Despite the lower adiabatic flame temperature between the air flame and the oxygen flame, it has, on the other hand, surprisingly appeared that changing the oxidizer is not accompanied by any significant drop in output.
According to one embodiment of the invention, most of the energy is supplied to the glass bath by use of such a process. The invention then uses a furnace specially dedicated to this process, moreover not having overhead burners.
An alternative method is however preferred, in which the injectors are used to supply a surplus of energy (boosting) in a furnace comprising at least one overhead burner, preferably in a furnace comprising at least one overhead burner, of which the oxidizer is air, and at least one heat recuperator or regenerator.
The choice in the placement of the injectors, in the crown or in the sidewalls or in the end wall depends on the configuration of the furnace, in particular when the process consists in supplying boosting energy to an existing furnace.
Placement in the walls (breast walls) or in the end wall makes it possible to limit the risks of embrittlement of the crown and also facilitates the installation in a furnace that is already in operation, the crown temperature being much higher than that of the other constituent parts of the furnace.
In this embodiment, an angle between 40 and 80° is advantageously provided between the flame axis and the horizontal axis. It is also possible to provide breast walls or an end wall of which the upper part is inclined and not vertical.
All types of combinations of injectors may be envisaged within the scope of the present invention.
The injection of air and of gaseous or liquid fuel such as natural gas or fuel oil may thus be carried out via a burner comprising at least one approximately cylindrical inner duct for the fuel and an outer duct for the air that is concentric to the inner duct. When the fuel is injected by means of a single internal duct, it is however impossible to independently control the flow rates and speeds of the gases. It is therefore preferable that the fuel, when it is gaseous, is injected at two different pressures via two concentric internal ducts.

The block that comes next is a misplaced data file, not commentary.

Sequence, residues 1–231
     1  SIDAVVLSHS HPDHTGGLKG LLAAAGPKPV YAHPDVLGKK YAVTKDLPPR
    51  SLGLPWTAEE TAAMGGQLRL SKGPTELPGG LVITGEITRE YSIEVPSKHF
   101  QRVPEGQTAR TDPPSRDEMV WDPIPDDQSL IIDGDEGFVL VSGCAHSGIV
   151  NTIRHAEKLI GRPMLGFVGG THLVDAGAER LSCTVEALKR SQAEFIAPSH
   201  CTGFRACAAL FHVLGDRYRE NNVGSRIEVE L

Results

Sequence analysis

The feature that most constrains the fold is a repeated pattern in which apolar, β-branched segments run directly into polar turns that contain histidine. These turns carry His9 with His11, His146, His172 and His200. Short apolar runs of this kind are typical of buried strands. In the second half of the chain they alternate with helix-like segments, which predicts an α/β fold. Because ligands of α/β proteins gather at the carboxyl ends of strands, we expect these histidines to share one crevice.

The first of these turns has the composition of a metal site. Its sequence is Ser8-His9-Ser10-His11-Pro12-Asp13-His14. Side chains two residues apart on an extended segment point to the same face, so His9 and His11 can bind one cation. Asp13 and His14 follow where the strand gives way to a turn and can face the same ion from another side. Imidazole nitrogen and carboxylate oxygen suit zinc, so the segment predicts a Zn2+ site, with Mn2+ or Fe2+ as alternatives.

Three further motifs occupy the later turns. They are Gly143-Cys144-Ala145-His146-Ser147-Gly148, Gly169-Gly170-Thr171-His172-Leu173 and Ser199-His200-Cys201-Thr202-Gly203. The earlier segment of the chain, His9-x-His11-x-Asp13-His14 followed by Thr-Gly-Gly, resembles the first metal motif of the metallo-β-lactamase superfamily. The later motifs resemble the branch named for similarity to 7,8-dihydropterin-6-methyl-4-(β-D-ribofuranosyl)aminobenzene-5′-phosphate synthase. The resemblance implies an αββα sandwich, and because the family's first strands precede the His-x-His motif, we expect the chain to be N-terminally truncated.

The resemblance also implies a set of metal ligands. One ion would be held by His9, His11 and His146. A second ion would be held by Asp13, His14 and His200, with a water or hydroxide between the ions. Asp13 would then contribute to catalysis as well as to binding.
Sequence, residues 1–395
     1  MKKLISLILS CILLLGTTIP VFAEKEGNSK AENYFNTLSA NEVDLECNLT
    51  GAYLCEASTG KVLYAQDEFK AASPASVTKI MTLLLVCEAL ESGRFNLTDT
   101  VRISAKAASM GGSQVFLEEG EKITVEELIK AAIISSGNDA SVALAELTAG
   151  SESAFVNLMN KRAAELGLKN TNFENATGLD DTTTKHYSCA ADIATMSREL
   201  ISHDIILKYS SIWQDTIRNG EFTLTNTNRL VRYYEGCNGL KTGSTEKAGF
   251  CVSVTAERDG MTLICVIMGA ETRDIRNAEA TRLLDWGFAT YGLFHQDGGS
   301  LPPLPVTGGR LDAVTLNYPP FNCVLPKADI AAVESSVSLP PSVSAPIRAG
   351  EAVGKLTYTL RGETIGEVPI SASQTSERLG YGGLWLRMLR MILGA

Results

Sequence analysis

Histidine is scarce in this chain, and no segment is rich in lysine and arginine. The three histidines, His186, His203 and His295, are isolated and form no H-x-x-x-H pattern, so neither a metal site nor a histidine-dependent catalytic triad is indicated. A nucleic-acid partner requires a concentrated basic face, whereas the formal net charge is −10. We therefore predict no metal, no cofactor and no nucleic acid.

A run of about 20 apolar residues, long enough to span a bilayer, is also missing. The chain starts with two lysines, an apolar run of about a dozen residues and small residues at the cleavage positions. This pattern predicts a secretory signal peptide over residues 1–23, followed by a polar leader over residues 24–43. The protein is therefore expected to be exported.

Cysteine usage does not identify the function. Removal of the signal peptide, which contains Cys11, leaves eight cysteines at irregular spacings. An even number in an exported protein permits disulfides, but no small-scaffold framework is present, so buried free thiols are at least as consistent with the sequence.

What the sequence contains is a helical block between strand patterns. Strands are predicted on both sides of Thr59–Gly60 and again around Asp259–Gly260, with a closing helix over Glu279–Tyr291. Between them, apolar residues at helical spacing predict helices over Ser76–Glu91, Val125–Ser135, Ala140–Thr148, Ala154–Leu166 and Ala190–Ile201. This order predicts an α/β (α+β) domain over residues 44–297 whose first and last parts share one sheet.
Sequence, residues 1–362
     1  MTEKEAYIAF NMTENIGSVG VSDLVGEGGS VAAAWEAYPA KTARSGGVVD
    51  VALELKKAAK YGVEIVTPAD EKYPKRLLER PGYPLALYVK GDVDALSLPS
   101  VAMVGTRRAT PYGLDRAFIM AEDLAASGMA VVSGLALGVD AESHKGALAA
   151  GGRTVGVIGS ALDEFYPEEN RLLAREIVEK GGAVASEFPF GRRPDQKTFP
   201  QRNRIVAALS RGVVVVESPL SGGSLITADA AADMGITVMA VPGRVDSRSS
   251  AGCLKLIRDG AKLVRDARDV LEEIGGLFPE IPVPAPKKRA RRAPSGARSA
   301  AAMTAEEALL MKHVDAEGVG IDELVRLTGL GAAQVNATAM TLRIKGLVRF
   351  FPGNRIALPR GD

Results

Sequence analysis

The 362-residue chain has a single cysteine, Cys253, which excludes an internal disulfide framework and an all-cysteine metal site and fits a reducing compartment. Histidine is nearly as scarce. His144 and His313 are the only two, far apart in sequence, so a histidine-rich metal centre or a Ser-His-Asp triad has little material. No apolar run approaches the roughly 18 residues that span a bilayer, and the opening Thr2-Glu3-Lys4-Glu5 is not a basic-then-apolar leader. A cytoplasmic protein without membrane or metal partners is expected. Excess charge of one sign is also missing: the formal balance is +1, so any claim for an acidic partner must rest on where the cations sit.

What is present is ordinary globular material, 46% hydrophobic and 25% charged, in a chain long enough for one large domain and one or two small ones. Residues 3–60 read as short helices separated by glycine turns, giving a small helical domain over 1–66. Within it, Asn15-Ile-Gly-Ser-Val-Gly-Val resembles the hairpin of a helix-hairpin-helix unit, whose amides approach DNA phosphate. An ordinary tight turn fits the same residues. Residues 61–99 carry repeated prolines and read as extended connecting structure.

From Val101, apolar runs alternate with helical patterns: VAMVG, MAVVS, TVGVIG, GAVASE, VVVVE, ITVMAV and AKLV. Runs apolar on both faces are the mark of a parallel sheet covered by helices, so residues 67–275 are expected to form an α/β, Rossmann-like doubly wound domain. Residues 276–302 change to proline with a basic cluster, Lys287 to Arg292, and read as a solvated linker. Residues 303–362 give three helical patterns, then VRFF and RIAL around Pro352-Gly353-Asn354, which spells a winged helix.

Separate injectors may also be used, the fuel and the air oxidizer being injected from different places in the furnace such as the crown, the end wall or the sidewalls. The two injections, thus separated, are then controlled so that the two jets, the jet of air and the jet of fuel, meet in the immediate vicinity of the blanket, therefore in the zone where the pulverulent batch materials cover the glass bath, generating a flame, location of the combustion, in this precise place. The air may thus be injected by means of an injector located in the furnace crown and the fuel injected by an injector located in the sidewalls of the furnace or vice versa. It is also possible that an air injector is combined with several fuel injectors, or vice versa.
In any case, it is preferable that the flame is only generated in the immediate vicinity of the zone where said pulverulent batch materials cover the glass bath (blanket) which makes it possible to prevent any overheating of the crown or of the sidewalls, while maximizing the heat transfer to the batch materials. The flame is itself advantageously controlled so that it spreads out over the blanket covering most of said blanket. The term "immediate vicinity" should be understood to mean that the flame, directed from the upper part of the furnace toward the blanket, is formed in a zone located just above the blanket; the energy generated by the flame is thus transmitted very efficiently to the batch materials, principally by convection.
It has been observed that an optimum heat transfer to the batch materials is carried out when the specific impulse of the combination of injectors is between 2 and 4 N/MW, especially between 2.6 and 3.2 N/MW. The specific impulse is defined in the meaning of the present invention as the sum of the air and fuel impulses (rate of momentum) relative to the power of the combination of injectors. An optimal heat transfer is then obtained, being characterized by a flame that is formed solely in the immediate vicinity of (just above) the blanket.